No More Being Manipulated

Do you feel manipulated when…

you have a legitimate issue and the other person slides out of it?  Or puts you down, sometimes claiming that he is only joking? Do you feel that you have to be careful of what you say sometimes, because the other person begins to look angry, and you feel it is like walking on eggshells around him or her?

Is there someone  you feel repressed by, and every time you try to talk about something it ends up in an argument?

Common Manipulative Ploys

There are some ways that people manipulate others that are easy to recognise, with a bit of help.  When you are being manipulated yourself, you may feel so tied up in frustration and emotional reaction that you can’t see what the basic ploy is, and you just fight… and so the manipulation has worked.  You might feel enraged, or you might feel depressed, as though things just don’t work for you, when in fact, you have become entrapped in someone else’s game. To unsnare yourself, you have to become aware of what the mechanism is.

Here are just a few of the major and most common ploys:

  • Sarcastic humour or irony
  • Put downs
  • Denying
  • The Silent Treatment
  • Personal attack
  • Blaming You
  • Delaying tactics

Have you experienced any of these?  You have a legitimate concern about how the other’s behaviour is affecting you, and he is sarcastic.  It means you cannot come back with your issue. He puts you down, so that you actually feel small and useless and unable to challenge him. She denies that it ever happened, and follows that up with further derogatory remarks intended to make you feel foolish or doubt your own perceptions.  He actually attacks you, saying that you are the one who is causing all the trouble. A nice variant of this is where the other person makes a pre-emptive move, blaming you for whatever has happened,  and  you are on the backfoot sounding as though you are trying to get out of something. Or she says, “not now, let’s talk about it later…” but later never comes, and you are left swinging in the breeze waiting for the never never. The point of all manipulative behaviour is that it is the  manipulator’s way of being in control, anavoiding the give and take of real relationship. Possibly they are protecting a feeling of weakness, relating back to childhood and the childish methods they found for dealing with was beyond their control with adults who were manipulative themselves.  Whatever the source of their manipulative behaviour, your responsibility is to recognise what is happening without judgment but with skill.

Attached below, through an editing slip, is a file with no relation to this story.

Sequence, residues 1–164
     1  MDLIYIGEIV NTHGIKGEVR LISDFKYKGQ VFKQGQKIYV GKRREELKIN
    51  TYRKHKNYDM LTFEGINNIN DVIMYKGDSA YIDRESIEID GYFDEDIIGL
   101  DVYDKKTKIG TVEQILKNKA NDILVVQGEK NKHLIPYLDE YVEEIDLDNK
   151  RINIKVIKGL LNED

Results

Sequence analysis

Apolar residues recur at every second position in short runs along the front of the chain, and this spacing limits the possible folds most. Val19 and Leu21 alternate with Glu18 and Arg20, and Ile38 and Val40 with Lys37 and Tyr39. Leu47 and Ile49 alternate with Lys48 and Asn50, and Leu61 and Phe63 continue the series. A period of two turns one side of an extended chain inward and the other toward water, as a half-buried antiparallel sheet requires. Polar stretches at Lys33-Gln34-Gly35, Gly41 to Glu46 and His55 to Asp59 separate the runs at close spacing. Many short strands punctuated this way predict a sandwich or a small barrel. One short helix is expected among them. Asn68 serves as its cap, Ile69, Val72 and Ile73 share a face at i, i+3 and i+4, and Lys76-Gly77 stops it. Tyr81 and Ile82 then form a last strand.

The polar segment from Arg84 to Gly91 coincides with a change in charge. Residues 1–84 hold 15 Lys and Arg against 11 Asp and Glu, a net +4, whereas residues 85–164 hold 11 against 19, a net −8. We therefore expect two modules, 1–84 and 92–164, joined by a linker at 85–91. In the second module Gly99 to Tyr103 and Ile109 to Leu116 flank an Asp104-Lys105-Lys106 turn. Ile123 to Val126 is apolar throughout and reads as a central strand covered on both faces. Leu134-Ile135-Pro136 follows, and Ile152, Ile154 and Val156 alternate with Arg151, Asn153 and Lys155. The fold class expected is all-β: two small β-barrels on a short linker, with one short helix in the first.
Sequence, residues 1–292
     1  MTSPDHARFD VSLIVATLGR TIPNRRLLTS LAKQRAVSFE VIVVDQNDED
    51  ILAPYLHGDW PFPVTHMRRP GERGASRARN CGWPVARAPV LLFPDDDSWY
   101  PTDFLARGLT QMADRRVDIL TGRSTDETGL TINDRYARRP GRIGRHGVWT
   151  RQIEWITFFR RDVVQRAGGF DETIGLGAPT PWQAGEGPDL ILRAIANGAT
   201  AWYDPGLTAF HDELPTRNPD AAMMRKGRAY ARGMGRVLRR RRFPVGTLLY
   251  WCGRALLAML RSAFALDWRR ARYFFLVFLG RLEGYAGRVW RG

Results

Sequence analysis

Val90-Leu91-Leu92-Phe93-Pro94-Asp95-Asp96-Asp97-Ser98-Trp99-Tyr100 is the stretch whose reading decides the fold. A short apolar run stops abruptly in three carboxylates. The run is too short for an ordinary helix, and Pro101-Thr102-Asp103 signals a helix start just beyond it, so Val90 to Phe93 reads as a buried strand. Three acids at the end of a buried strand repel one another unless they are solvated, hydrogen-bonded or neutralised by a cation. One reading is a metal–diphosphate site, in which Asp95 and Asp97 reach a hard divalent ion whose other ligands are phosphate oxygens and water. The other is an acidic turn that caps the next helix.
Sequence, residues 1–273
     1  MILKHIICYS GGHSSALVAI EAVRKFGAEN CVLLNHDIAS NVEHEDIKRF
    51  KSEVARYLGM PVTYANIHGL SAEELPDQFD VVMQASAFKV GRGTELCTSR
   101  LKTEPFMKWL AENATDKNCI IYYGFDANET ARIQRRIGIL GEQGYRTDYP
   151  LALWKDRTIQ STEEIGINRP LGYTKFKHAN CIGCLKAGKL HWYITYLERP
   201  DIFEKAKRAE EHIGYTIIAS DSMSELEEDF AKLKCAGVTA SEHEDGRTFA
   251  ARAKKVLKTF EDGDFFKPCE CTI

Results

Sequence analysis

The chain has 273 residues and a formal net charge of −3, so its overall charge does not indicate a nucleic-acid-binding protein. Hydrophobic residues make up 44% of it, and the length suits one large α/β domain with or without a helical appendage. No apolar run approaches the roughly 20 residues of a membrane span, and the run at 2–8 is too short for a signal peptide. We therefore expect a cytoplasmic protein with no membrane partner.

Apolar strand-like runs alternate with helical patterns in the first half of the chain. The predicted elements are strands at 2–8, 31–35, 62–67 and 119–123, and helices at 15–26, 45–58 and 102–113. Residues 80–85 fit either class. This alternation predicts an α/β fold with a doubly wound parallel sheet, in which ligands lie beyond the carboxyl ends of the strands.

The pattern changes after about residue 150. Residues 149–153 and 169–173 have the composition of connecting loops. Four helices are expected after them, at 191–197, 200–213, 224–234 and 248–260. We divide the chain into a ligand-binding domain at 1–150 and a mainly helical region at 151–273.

There are more ploys, too, that you can learn to recognise. Sometimes the manipulation is quite subtle, even apparently playful. When you can see what the process is, you can do something about it.  When you are simply reacting, you do not see how you have been manoeuvred.  When you do see, you stop reacting and do something much more sensible.


Doing something about it – some ways of handling manipulations

You can learn quite quickly to practice some tools for circumventing manipulative behaviour and feeling grounded and stable, even in the face of the other’s manipulative tendencies. For instance, learning the art of the “meta-conversation” ( eg: I feel belittled by your comments and then I feel silly asking for what I want). You can learn to put another process in place. And there are several, very effective methods, that anyone can learn. A tip:  Never Argue !! That is not so easy, is it? But arguing plays directly into the other’s game.

The Empowerment Pause – respond with silence for a moment or two

Into the Lion’s Den – enquire about what the other person sees as the issue ,without having to engage with it. “Ah, that is how you see it”. 

Turning off the fuse – validate the other’s emotional state (but not their behaviour)

The Strong and Subtle – Agreement in principle –  agree to things that are true in general and to things which are true about yourself  (but not to all their projections on you)

Meta-conversation – describe what’s going on in the conversation. (You’ll drive ‘em nuts, but it will shift them out of their game plan)

Non-argumentative – just state your position. Restate it again and again if need be, with no elaboration. Just one simple assertion.

Self-Enquiry – Knowing your own state

While getting your kit of new tools together, a deeper understanding comes from seeing your own mental and emotional patterns. Looking into your own rage, for instance, would show you a lot about why you have accepted the game in the first place.  And then, there are two ways of going about self-investigation.


Quick or deep self enquiry

One form of  self-investigation is simply to work out what it is that you are objecting to.  Stop telling yourself it is because of the other person. Even if you can see what the manipulation is, the real point is to discover why it presses your buttons.  If you were watching the same interactions on a TV sitcom, you would probably enjoy it.


The other is a deeper method of investigating your own processes, to find out how your personality strategises its life-plan.  This is very deep work, and may be confronting from time to time. Are you manipulative yourself?  This is also the deepest spiritual work – eventually finding out what your ego actually consists of. It is the way to enduring peace.  And it is best accompanied by a solid practice of still-mind meditation.





About Mataji

I have been practising still-mind meditation since 1982, teaching still-mind meditation since 1989, and training teachers since 1999. The greatest life change for me has been a steady easefulness with its ups and downs, and an ability to love the difficult folks as well as the easy ones. The more profound changes aren't so easy to put into words.
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